The Navajo Nation spreads across parts of New Mexico, Arizona and Utah. As of Tuesday, Navajo Nation health officials had confirmed 4,842 COVID-19 cases and 158 deaths related to the disease.
U.S. Senators Tom Udall and Martin Heinrich introduced legislation Tuesday that would designate portions of the Gila River as Wild and Scenic, after a “years-long” effort to protect what’s known as one of the country’s last wild rivers.
The M.H. Dutch Salmon Greater Gila Wild and Scenic River Act would designate 446 miles of the Gila River and other waters in the Gila and San Francisco water basin as either wild or scenic, protecting those portions of river from future development.
RELATED: A win for the state’s last wild river
Udall said they drafted the legislation with input from community members, private landowners, outdoor recreation enthusiasts, local fishers, farmers and ranchers. Udall said he and Heinrich also worked with landowners and state agencies to identify where the designation boundaries should be. “We opened up that draft for additional feedback, to make sure New Mexicans have a seat at the table in helping determine the future of the Gila,” Udall said. “We have now introduced a strong piece of legislation that will protect the Gila, while ensuring that existing uses and planned projects, including grazing, recreation, restoration, and access can continue.”
Heinrich said the legislation is timely in a period of economic uncertainty caused by the global COVID-19 pandemic.
“The outdoor recreation industry was fueling some of our fastest job growth, particularly in our rural communities, just before the pandemic hit,” Heinrich said. “Roosevelt said conservation means development as much as it means protection, and he’s absolutely right.
U.S. Senators want the Trump administration to remove what they call needless, bureaucratic restrictions on how states can use funding from coronavirus relief efforts. The Senators, including New Mexico’s Martin Heinrich and Tom Udall, argued that state, local and tribal governments should be able to use funds from the CARES Act to repay lost revenue and help them balance budgets. The two joined 44 other U.S. Senators who signed onto a letter to U.S. Treasury Secretary Steven Mnuchin, which said that the administration added red tape that was not included in the law passed by Congress. “To avoid distracting states, Tribes, and localities from meeting the crisis at hand, the Treasury Department should publicly confirm that states, Tribes and localities may use these funds to maintain their essential services as the CARES Act clearly permits,” the letter states. States have seen their revenue plummet as many have issued stay-at-home orders and economic activity has declined.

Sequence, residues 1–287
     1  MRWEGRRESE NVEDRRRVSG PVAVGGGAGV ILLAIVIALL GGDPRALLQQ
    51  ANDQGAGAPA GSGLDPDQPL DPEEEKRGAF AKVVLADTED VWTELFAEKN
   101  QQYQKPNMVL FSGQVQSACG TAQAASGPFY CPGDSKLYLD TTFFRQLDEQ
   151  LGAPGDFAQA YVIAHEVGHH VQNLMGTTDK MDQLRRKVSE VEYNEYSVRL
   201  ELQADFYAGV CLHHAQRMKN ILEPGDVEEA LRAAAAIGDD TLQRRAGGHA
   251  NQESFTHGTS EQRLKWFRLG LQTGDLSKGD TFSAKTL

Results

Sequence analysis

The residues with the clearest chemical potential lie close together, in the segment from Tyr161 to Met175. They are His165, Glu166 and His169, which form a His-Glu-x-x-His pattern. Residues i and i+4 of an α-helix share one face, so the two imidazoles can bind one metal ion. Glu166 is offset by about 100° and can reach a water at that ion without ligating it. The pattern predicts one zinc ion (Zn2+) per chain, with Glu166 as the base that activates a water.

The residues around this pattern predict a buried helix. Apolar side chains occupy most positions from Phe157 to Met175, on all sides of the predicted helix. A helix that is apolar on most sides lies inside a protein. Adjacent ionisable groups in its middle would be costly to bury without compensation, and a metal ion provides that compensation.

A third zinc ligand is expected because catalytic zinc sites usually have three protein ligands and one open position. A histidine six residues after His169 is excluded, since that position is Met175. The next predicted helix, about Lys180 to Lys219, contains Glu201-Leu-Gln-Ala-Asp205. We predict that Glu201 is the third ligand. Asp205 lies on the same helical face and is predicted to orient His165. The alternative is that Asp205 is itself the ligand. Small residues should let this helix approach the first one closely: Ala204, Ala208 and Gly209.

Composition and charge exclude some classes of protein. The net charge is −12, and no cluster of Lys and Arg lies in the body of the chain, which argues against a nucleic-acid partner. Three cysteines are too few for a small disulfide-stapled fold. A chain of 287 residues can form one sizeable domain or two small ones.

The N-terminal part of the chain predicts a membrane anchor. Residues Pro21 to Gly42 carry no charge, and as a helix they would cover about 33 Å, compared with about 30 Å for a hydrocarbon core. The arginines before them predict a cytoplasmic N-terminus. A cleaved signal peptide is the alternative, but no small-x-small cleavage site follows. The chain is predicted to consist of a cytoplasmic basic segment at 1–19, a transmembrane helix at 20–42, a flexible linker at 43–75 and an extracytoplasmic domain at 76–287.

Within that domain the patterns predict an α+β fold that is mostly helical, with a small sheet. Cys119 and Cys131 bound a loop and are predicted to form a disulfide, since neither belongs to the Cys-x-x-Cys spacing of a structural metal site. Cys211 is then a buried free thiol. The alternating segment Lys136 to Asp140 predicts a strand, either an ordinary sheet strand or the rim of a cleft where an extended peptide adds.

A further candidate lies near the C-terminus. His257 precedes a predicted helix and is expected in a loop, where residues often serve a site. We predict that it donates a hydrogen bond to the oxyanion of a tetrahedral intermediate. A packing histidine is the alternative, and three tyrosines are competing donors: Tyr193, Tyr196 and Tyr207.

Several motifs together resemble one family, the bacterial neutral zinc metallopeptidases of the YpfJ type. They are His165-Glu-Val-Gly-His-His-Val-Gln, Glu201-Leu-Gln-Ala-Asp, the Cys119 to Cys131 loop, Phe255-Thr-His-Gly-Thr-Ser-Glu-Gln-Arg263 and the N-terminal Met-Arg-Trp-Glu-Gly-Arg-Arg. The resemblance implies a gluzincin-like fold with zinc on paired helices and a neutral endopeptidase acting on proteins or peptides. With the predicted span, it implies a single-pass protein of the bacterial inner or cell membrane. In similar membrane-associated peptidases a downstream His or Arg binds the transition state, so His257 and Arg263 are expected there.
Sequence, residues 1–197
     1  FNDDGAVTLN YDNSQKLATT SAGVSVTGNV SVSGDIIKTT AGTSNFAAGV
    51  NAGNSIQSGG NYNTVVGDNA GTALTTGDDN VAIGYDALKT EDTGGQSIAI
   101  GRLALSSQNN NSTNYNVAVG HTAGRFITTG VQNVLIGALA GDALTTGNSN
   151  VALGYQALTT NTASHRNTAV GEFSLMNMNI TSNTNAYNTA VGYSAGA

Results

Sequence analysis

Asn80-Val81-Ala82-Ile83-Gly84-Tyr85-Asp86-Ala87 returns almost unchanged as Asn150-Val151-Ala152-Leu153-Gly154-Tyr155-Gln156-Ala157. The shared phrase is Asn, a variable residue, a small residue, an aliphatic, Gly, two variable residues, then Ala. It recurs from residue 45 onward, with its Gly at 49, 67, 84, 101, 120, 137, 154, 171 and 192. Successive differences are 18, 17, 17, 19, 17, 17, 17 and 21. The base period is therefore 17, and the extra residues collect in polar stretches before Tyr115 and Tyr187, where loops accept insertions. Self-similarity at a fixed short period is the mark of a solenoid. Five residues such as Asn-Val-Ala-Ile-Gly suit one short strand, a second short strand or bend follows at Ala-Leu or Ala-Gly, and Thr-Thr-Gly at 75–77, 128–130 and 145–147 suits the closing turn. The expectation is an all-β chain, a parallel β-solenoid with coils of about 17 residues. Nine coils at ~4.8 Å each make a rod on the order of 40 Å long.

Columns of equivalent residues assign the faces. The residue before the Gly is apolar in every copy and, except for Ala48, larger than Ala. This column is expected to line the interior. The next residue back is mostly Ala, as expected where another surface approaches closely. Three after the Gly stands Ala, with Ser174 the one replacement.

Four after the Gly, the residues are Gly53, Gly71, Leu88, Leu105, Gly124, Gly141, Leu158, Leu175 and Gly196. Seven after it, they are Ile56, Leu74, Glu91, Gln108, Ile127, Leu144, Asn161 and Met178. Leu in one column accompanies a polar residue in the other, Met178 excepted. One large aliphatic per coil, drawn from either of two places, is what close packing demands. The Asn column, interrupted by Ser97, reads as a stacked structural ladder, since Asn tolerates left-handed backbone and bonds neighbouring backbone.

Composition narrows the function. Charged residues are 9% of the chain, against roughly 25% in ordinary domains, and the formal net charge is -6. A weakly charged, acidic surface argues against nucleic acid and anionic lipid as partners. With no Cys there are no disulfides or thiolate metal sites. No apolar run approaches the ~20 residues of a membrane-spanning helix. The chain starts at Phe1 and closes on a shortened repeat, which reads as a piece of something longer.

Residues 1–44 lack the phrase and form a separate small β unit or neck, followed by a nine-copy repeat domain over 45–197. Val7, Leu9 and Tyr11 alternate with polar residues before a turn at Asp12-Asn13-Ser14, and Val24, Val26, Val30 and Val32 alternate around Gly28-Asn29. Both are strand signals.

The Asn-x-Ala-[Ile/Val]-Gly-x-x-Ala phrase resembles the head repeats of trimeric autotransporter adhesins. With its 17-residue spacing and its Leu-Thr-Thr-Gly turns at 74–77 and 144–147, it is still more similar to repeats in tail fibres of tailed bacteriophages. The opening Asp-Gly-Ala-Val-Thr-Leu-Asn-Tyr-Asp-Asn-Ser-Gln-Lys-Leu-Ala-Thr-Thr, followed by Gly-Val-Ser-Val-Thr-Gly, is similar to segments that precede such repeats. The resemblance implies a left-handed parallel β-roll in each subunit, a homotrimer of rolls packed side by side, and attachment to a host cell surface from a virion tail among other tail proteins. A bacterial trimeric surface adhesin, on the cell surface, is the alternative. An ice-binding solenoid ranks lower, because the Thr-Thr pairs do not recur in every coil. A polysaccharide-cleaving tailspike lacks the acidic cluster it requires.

The letter said that states around the country, including New Mexico, face shortages of personal protective equipment (PPE), and says that a cohesive, national strategy is needed to allocate the equipment where it is needed.
The federal government had a stockpile of PPE and other medical equipment in the Strategic National Stockpile (SNS). The Trump administration moved oversight of the stockpile from the Centers for Disease Control and Prevention to the Health and Human Services Department, under the Assistant Secretary for Preparedness and Response, in 2018. FEMA is in charge of distribution during a national emergency.